County Meeting with Restaurants Owners for New Health, Safety Grading System

A new policy is expected to require Santa Clara County restaurants to post grades from their latest health inspection report on the front window of the establishment. No more hiding that cockroach problem.

The county Board of Supervisors decided on Tuesday to work on updating a decade-old rule to make health and safety information about food service public. Placards won’t go up until after a series of community meetings, though, to give the county’s 9,000 restaurants a heads up and prepare them to get a good grade the first time.

Supervisor Joe Simitian spearheaded a law in 2000 that gave consumers the right to ask for inspection reports on demand. But, as an investigation by the local NBC station earlier this year revealed, restaurant employees weren’t versed in the local rules.

Pretty soon, the public will see the letter grade on the window—green, yellow or red—and online with the full inspection reports. By law, the restaurant already has to show you the latest report if you ask for it.

“This new system is the result of an extensive public outreach process,” says Jim Blamey, head of the county Department of Environmental Health. “The color-coded system focuses on critical risk factors that affect public health.”

Placard colors represent different grades. Green means one major violation was recorded and corrected. Yellow: two or more major violations were spotted and corrected. Red means, well, find another place to eat.

The county defines major violations as a practice that poses an imminent health hazard to customers and warrants immediate corrective action or closure. That could mean employees don’t wash their hands, the food isn’t stored at the proper temperature, someone’s working while sick, sewage problems or vermin.

“The goals of the restaurant grading/placarding system are to help consumers make informed choices about where to dine, and provide incentives to the restaurants to do better meeting environmental health standards,” Simitian says. “It is very important that the information is accessible to the public and easy to read and understand.”

It’s important to the restaurants, too, given that scoring a B or higher tends to bring in higher revenues, according to a study by UCLA business professor Phillip Leslie.

In addition to new grades, the county will likely add more details in each inspection report online and assign a numerical score that reflects all major and minor violations identified by the Environmental Health Department.

New permit costs comes with the new system: $100 a year from every county restaurant to keep the program running. Some of that money will pay for an incentives program, too, to encourage restaurants to keep clean. Environmental Health employees will host workshops in five languages to train businesses how to achieve a green placard.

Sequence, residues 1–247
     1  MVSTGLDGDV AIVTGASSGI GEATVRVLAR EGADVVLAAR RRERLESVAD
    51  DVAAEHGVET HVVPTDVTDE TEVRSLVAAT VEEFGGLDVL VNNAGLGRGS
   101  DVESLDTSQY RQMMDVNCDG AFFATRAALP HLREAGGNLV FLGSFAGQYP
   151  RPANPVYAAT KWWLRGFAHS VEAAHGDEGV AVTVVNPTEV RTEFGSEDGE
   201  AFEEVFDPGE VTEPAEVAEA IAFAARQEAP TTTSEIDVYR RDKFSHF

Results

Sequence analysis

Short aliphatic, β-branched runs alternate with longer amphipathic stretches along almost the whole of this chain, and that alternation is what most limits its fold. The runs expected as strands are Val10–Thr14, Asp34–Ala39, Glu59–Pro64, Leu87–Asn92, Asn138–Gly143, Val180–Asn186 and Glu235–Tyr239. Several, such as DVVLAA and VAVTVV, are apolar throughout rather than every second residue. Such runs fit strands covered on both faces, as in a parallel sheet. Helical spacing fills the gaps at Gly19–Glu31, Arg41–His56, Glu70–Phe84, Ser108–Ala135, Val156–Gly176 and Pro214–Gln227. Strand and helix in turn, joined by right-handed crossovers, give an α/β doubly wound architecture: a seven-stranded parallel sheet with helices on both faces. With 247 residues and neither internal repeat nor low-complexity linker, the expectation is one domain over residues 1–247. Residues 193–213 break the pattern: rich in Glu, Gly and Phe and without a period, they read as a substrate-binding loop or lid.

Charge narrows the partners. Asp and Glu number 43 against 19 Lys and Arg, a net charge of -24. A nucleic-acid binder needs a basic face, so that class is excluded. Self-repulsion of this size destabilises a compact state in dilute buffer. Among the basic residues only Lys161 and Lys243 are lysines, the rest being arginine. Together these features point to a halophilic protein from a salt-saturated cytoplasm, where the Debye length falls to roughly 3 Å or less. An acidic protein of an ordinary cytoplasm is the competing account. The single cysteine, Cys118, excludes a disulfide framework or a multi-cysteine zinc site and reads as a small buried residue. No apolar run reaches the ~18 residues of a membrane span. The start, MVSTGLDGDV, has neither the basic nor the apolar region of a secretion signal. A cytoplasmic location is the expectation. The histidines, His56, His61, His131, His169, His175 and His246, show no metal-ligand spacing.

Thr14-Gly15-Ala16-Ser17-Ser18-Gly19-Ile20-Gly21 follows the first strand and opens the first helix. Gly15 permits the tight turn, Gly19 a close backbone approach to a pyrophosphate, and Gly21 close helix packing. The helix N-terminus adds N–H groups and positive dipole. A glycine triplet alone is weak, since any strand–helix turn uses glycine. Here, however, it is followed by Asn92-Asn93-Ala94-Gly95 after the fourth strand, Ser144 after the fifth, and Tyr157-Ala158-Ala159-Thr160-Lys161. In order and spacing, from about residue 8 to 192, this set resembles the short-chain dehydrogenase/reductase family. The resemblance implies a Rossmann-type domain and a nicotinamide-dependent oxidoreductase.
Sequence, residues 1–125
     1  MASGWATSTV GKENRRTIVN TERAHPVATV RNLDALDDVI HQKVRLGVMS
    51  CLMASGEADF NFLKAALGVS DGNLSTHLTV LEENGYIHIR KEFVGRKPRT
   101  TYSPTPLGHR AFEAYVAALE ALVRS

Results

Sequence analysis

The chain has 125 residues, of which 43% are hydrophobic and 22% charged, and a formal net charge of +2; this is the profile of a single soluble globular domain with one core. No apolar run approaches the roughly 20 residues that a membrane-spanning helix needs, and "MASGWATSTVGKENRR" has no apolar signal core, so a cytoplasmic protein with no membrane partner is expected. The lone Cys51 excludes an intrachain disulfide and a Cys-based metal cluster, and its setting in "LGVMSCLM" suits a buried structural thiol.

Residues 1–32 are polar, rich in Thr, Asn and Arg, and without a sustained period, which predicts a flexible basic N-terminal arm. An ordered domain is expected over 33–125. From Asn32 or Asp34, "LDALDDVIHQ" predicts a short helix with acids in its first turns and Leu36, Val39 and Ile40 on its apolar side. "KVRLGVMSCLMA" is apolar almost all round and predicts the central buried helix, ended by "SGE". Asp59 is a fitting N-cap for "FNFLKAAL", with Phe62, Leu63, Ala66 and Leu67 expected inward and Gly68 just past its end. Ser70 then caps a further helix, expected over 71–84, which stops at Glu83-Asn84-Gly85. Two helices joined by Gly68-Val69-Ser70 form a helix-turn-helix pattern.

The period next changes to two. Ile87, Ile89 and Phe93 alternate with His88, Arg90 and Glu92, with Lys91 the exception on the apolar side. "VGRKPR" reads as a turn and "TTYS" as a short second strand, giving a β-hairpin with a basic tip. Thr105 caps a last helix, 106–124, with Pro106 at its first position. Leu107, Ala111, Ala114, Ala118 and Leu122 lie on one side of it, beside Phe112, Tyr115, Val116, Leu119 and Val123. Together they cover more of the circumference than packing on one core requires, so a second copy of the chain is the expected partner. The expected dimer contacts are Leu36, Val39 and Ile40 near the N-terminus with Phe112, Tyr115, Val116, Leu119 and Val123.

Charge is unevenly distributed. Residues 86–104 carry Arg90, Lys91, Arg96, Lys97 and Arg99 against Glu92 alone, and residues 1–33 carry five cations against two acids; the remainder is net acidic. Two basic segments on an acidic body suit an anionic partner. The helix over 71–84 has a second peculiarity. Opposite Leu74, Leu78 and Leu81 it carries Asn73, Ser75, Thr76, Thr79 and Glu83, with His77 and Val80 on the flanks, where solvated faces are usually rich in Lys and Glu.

“It is important that the system be very easy for consumers to understand,” Supervisor Cindy Chavez says in a statement. “We live in a very culturally diverse county with different approaches to food preparation. We need to make sure that all restaurant owners are informed about the grading system and provided with necessary training.”

A number of California counties already have a similar system in place, including Sacramento, San Francisco, San Diego and Los Angeles counties.

Here is the workshop schedule for restaurant owners:

TUESDAY, October 15
— Mountain View Public Library, 2-4pm, 585 Franklin St., Mountain View (English)

WEDNESDAY, October 16
— Gilroy Public Library, 2-4pm, 350 W. Sixth St., Gilroy (Spanish)

THURSDAY, October 17
— Milpitas Public Library, 2-4pm, 160 N. Main St., Milpitas (Chinese)
— San Jose Public Library, Tully Branch, 2-4pm, 880 Tully Rd., San Jose (Vietnamese)

MONDAY, October 21
— Cupertino Community Hall, 2-4pm, 10350 Torre Ave., Cupertino (Chinese) 
— Mexican Lindo Restaurant, 1:30-3:30pm, 1595 Monterey Rd., San Jose (Spanish)

TUESDAY, October 22,
— Cherry Sushi, 2:30-4:30pm, 2910 El Camino Real, Santa Clara (Korean)

WEDNESDAY, October 23
— Giorgio’s Italian Food & Pizzeria, 2-4pm, 643 W. Calaveras Blvd., Milpitas (English)

THURSDAY, October 24
— San Jose Public Library-Tully Branch, 2-4pm, 880 Tully Rd., San Jose (Vietnamese)
— San Jose Silicon Valley Chamber of Commerce, 2-4pm, 101 W. Santa Clara St., San Jose (English)

TUESDAY, October 29
— Stanford—Arrillaga Family Dining Commons, 2-4pm, 489 Arguello, Stanford (English)

WEDNEDSDAY, October 30
— Cherry Sushi, 2:30-4:30pm, 2910 El Camino Real, Santa Clara (Korean)
— San Jose Public Library-Bascom Branch, 2:30-4:30pm, 1000 S. Bascom Ave., San Jose (Spanish)
 
Public meetings for consumers:

MONDAY, October 28
— Los Altos Library, 6pm, 13 S. San Antonio Rd., Los Altos

TUESDAY, October 29
— Morgan Hill Lion’s Club, 6pm, 12415 Murphy Ave., San Martin

WEDNESDAY, October 30
— Santa Clara County Vector Control District, 6pm, 1580 Berger Dr., San Jose

Clarification: The County of Santa Clara approved workshop meetings for new placard/grading system but is not expected to finalize its new system until later this year.

Jennifer Wadsworth is the former news editor for San Jose Inside and Metro Silicon Valley. Follow her on Twitter at @jennwadsworth.

One Comment

  1. I would love to see the similar policy implemented for each one of the departments at the city hall so the public sees their grades as well!

    Dreamers dream and wishers wish….